Protecting Corporate Data When an Employee Leaves

Esther Schindler and Yadin Porter de León

When someone leaves the company, the HR department is quick to grab the employee's laptop. But what about the data on other equipment? How can the organization know what's on her mobile devices? Does anyone know to which websites and cloud-based software the employee has access? Here’s how IT (working with HR) can help ensure the company's data doesn't walk out the front door. (Hint: Don’t expect easy answers.)

In an ideal world, people leave your company only under friendly circumstances, because the organization treats every employee with respect. The hiring process is so streamlined that few bad hires are made, so it’s rare for anybody to need to clean out his desk with an HR person looming over him, keeping an eye on what goes out the door.

It’s too bad that we don’t live in an ideal world.

In this one, people are laid off, employees become disgruntled and search for a new position, and others are invited to Spend More Time With Their Families. It's nice to think we can trust employees and hire great people, but the reality is that a single bad hire can wreak untold chaos, destruction, and financial loss – particularly when the employee has access to corporate data after Elvis Has Left The Building.

While the off-boarding process is managed by the human resources (HR) department, IT needs to be brought in to make sure that the now-ex employee is not a walking-and-talking security breach. That’s why HR has to work with a sysadmin to turn off access to every system to which the employee has access.

...Assuming the sysadmin can even know what those systems are. According to a recent survey by my friend Phil Lieberman (we worked together 20 years ago), more than 13% of respondents still can access a previous employers' systems using their old credentials. And, he adds, a surprising percentage still have access into two or more ex-employers' systems.

I admit it: I’m among them. I can peek at an old client’s website stats (nobody’s left at the company who even remembers the project). For a few years I could log in to another organization’s database (access only disappeared when they changed service providers). It’s only my sense of ethics (and the fact that those people did treat me with respect) that protects those organizations from untraceable Loki-inspired mischief.

How can a sysadmin minimize the risk? Let’s start with the easy stuff. Most sysadmins rely on standard ways to control employee access, such as a single sign-on system on which the user’s password is deactivated, often managed through Active Directory or its ilk. The best methods here, one Web operations specialist told me, are a solid access control policy in addition to centralized authentication. “Centralized authentication make most things easy to shut off. Essentially, all access gets a ticket, which creates an audit trail. Upon termination, that system can be audited. This helps cover Software as a Service products easily.”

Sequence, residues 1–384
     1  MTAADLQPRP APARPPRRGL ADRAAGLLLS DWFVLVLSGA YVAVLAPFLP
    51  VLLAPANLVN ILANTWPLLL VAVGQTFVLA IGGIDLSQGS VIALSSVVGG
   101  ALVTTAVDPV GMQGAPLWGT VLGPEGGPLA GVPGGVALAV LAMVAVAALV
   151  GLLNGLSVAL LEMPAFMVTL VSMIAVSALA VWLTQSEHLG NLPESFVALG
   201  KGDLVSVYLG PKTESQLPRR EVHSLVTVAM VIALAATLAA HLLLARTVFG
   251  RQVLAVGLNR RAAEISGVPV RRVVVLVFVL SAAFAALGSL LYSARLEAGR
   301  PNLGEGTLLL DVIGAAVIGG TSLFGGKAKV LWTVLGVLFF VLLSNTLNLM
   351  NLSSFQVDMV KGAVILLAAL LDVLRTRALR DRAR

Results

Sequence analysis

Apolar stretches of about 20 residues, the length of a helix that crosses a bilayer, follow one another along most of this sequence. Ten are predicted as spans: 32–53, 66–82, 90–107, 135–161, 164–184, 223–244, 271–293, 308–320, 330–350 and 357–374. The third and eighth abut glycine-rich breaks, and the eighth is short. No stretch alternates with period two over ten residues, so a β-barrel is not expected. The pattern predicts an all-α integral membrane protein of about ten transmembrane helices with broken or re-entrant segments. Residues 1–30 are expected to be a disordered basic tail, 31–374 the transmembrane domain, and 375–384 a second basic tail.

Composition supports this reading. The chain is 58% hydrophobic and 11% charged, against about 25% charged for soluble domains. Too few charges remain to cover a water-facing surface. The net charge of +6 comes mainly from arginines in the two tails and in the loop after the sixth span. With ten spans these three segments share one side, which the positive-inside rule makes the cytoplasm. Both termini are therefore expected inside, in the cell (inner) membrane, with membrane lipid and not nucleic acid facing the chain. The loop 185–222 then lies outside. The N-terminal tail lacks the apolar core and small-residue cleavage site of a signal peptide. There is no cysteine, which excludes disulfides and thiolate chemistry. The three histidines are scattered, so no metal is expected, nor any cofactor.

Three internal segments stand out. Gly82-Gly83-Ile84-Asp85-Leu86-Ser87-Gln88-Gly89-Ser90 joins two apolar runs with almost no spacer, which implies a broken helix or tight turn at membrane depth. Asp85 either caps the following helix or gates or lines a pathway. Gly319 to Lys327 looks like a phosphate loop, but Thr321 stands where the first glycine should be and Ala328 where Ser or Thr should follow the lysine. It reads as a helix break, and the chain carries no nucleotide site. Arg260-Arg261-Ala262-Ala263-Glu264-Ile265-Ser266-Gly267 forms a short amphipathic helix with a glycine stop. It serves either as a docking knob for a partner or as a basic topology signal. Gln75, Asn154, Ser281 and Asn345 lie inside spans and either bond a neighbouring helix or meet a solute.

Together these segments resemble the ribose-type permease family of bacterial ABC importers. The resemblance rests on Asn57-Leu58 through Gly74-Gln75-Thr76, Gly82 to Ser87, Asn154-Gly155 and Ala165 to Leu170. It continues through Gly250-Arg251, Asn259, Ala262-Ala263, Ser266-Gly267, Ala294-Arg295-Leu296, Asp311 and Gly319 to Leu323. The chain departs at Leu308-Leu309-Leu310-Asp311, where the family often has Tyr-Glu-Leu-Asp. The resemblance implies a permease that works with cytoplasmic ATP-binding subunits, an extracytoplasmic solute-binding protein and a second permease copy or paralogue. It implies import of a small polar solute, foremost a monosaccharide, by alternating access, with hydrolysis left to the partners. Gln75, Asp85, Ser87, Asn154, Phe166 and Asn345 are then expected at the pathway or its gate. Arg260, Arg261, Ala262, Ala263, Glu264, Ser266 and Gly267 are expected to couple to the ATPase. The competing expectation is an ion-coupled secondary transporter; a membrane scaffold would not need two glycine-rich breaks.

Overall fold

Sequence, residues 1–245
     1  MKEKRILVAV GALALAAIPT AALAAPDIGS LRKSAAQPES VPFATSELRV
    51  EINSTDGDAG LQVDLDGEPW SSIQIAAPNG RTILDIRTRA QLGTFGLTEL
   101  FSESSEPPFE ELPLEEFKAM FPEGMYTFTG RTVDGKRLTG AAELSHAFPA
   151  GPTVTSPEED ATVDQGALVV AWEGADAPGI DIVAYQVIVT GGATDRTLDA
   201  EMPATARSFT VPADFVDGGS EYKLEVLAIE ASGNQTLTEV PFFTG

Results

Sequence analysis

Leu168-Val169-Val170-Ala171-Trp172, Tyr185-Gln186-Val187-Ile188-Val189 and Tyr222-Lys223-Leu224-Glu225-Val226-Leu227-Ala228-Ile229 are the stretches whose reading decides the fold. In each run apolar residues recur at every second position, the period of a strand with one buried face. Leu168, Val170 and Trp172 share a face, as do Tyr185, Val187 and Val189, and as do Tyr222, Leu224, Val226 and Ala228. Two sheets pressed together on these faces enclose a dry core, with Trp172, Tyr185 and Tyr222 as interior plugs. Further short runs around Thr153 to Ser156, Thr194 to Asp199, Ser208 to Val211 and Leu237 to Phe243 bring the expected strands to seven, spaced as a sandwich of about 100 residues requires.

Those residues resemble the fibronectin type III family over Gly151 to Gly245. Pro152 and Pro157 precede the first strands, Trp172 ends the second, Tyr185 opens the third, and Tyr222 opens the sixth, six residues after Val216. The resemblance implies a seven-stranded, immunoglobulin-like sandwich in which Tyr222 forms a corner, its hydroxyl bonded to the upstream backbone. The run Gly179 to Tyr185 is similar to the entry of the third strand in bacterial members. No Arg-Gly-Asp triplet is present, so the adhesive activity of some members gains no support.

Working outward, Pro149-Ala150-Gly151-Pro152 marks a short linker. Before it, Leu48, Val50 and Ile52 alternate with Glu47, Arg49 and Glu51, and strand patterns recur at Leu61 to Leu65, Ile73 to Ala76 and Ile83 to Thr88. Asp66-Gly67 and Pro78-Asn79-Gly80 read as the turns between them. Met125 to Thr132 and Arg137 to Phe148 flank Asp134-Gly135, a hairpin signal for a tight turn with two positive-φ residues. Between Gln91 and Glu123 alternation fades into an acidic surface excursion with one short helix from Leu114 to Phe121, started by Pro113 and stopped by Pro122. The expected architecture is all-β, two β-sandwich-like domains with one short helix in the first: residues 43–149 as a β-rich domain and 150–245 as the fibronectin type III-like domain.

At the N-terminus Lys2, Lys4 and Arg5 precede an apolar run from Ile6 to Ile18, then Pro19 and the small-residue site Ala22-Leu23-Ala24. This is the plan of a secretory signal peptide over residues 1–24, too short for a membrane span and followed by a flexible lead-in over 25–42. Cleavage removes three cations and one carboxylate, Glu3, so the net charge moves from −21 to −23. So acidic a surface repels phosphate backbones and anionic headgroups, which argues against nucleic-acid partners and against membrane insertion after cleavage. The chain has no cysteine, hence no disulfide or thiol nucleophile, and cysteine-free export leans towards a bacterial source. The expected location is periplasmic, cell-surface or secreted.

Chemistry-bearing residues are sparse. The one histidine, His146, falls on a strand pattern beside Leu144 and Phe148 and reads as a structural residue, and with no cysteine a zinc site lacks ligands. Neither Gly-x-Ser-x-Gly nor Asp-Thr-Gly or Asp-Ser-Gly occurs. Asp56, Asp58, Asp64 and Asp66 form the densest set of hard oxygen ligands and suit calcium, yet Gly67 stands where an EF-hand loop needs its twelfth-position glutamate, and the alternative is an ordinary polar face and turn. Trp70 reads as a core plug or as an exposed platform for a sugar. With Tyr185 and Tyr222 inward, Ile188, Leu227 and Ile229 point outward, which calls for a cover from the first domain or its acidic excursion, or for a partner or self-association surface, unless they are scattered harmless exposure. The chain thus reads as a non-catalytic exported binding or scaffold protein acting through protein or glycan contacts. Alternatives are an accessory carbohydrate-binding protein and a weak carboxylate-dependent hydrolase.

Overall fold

(Note, too, that similar controls should be in place when an employee changes departments. Since it's not a departure, most companies forget to double check, and all former rights remain.)

HR knows about work-related sites to which most employees have access, such as payroll systems, GotoMeeting accounts, accounting software accounts, and travel services. Whether HR pulls the access for those logins or IT does so, it doesn’t really matter – as long as someone takes care of it, and a process is in place for turning things off. Too often, it’s a few days before anybody tells IT that the employee is gone – which is exactly the time during which an individual is most motivated to grab anything that might be useful.

For example, one IT worker told me about a situation when a senior person in Accounting was let go. The first step was removing access to every system IT knew about (two minutes before HR gave the employee the bad news), changing passwords on external sites, and collecting company equipment (BlackBerry, laptop, building access cards). IT also needed to make the guy’s email records available to the CFO, who had to notify the banking systems that the employee was no longer authorized to act on the company’s behalf.

But what about external sites to which employees have access: website analytics, blogs, stock photo sites? Social media is a huge security gap in terms of access to data and also the ability to post and publish by ex-employees. De-commissioning employees is a very manual process and unless you enforce it no one is going to do it. There are plenty of tales of woe from companies who learned this the hard way.

What about all the BYOD devices on which employees collect data? How many of them does the average sysadmin even know about, much less know how to kill its access? Too few, really.

Some of these have technical solutions – and Druva inSync provides some that are valuable for this purpose (largely as a happy side effect). The functionality that permits Druva inSync to wipe the corporate data off a lost or stolen laptop or iPad also lets IT wipe the corporate data (but not the personal data) off the employee’s BYOD devices.

Another advantage: Because the data was backed up from the employee’s laptop, it’s accessible to anyone in the company who needs it. For example, the sales forecast figures that the employee had on her local drive are available to the organization because Druva inSync was automatically backing up the system. Her old boss can download it to his own computer instead of having to consider the data gone forever.

But what about all the other logins?

“For internal systems we have a central database system that records all the access rights granted to an employee,” one senior software developer told me. “But no one knows all of the external vendor sites on which I registered with my corporate email ID; by doing so I have corporate access rights to licensed software.”

And that’s just the beginning. One sysadmin told me, “I have access to various company accounts (github, registrars, chat systems, client lists, etc.) that should be easy to revoke, but in many of these cases I may have archived copies – heck, Github's model borderline requires me to have a full clone locally!”